Wal-mart plays hardball with DC politicians over vote on a retail worker wage bill
When I got involved (ANC4B Large Tract Review Report on Walmart, 5/2011) in the large tract review process concerning the site for a Walmart store on the 5900 block of Georgia Avenue NW (about 3/4 mile from my house so I couldn't ignore it), I wrote about Walmart's very contentious practices focused on getting their way.
Specifically, the City of San Diego passed a very good Big Box Retail Review Ordinance, and Walmart organized a referendum campaign to overturn the legislation--which sustained a veto by the Mayor. But because of the cost of running a special election and the budgetary problems, the City Council caved and overturned the legislation, and Walmart then proceeded with their plans there.
See "City Council Votes To Repeal Big-Box Ordinance" from San Diego Channel 10 News and this report on the bill ("Ordinance to Protect Small and Neighborhood Businesses"), but I haven't been able to find the exact legislation.
In DC, Walmart rolled up politician support before they made public their plans to build 4 stores, and later 2 more, for a total of 6, making it very difficult to oppose them. See the great City Paper article, "The Selling of Walmart: How the world's biggest retailer won over D.C. without a fight."
The real problem in DC planning and zoning regulations is that they aren't very tough when it comes to providing for mitigation for possible problems. See the past blog entry "Lessons from Walmart's foray into Washington, DC" which delineates various necessary changes that were indicated based on the initial entry of Walmart into the city.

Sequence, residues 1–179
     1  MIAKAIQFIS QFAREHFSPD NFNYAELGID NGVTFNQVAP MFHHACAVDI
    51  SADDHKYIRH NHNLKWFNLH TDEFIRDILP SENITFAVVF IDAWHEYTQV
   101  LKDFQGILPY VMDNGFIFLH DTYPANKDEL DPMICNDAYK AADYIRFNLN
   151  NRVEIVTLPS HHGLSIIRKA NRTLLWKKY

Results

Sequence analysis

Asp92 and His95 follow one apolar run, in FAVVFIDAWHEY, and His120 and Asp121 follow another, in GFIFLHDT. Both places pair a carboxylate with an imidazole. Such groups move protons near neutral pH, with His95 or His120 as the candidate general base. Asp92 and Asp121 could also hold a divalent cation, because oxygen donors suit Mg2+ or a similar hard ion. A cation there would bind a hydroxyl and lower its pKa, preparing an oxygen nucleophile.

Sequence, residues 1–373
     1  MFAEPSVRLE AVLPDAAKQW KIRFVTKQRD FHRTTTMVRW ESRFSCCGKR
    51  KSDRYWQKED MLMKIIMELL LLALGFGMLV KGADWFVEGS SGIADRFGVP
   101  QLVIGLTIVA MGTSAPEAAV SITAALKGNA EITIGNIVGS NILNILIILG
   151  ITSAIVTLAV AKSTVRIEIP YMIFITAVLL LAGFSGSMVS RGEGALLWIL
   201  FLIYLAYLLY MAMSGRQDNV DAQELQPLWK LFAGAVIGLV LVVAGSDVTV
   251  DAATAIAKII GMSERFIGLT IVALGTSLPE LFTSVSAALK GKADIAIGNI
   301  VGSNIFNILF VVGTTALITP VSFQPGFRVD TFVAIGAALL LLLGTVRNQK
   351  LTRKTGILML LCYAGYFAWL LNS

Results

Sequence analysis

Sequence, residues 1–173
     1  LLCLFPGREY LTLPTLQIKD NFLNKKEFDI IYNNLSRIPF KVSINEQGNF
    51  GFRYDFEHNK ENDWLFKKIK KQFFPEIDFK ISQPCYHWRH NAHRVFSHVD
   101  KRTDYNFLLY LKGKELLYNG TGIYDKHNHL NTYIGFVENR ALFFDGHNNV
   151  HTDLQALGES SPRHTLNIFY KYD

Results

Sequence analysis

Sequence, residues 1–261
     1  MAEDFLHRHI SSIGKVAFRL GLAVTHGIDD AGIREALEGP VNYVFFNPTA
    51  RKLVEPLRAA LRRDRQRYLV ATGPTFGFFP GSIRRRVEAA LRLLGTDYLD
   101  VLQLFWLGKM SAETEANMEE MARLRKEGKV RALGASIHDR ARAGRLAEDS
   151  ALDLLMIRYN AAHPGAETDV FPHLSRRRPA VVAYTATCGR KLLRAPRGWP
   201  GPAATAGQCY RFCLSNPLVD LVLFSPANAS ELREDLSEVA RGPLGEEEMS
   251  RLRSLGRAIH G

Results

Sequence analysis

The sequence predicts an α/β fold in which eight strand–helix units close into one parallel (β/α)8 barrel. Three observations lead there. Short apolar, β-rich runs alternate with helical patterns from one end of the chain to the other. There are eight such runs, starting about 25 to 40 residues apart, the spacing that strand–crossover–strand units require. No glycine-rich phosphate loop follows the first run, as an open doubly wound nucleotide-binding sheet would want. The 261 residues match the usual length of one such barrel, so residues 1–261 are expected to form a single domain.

In the fallout after, unions got City Council to put forward legislation requiring relatively high wages for employees of certain large types of large retailers, including Walmart and Target, but exempting unionized grocery stores.
I disagreed with that legislation ("DC's proposed legislation on large retailers is misguided"), not because I think big box retailers are great, but because instead of focusing on the real gaps in DC planning practices related to big box retailers, the unions and the Council focused solely on wage issues.
The final vote on the legislation is tomorrow, and Walmart announced that if the legislation passes, they won't proceed with the 3 stores that are planned but haven't commenced construction. See "Wal-Mart will nix three D.C. projects if living wage bill passes" from the Washington Business Journal.
In talking with Suzanne about the general issue over the weekend, I mentioned my previous writings about how Walmart makes "business decisions" and that their decision to pay women less than men is no different than their decision to curry favor with health interests by expanding their provision of healthier foods or with environmentalists on their various energy reduction interests. They don't make these decisions because of values or ethics, but because it makes sense business-wise on whatever criteria that they are using to make the decision.
And Suzanne pointed out that Walmart's practice of systematically paying women less, reducing people's hours to lower benefits, etc., means that we need to make the choice not to shop there, to demonstrate that we don't support their anti-worker practices, despite the low prices or their environmental practices, etc.
I am probably fine with Walmart walking away, because I find many of their business practices to be anathema. But others will disagree.
If because as is increasingly likely that Mayor Gray will not run for re-election, because of illegal campaign activities in the 2010 election, I could see him vetoing the legislation, because stores in retail under-served areas, especially the two East of the river store locations designed to serve Wards 7 and 8. That would set the stage for Council, to overturn the veto.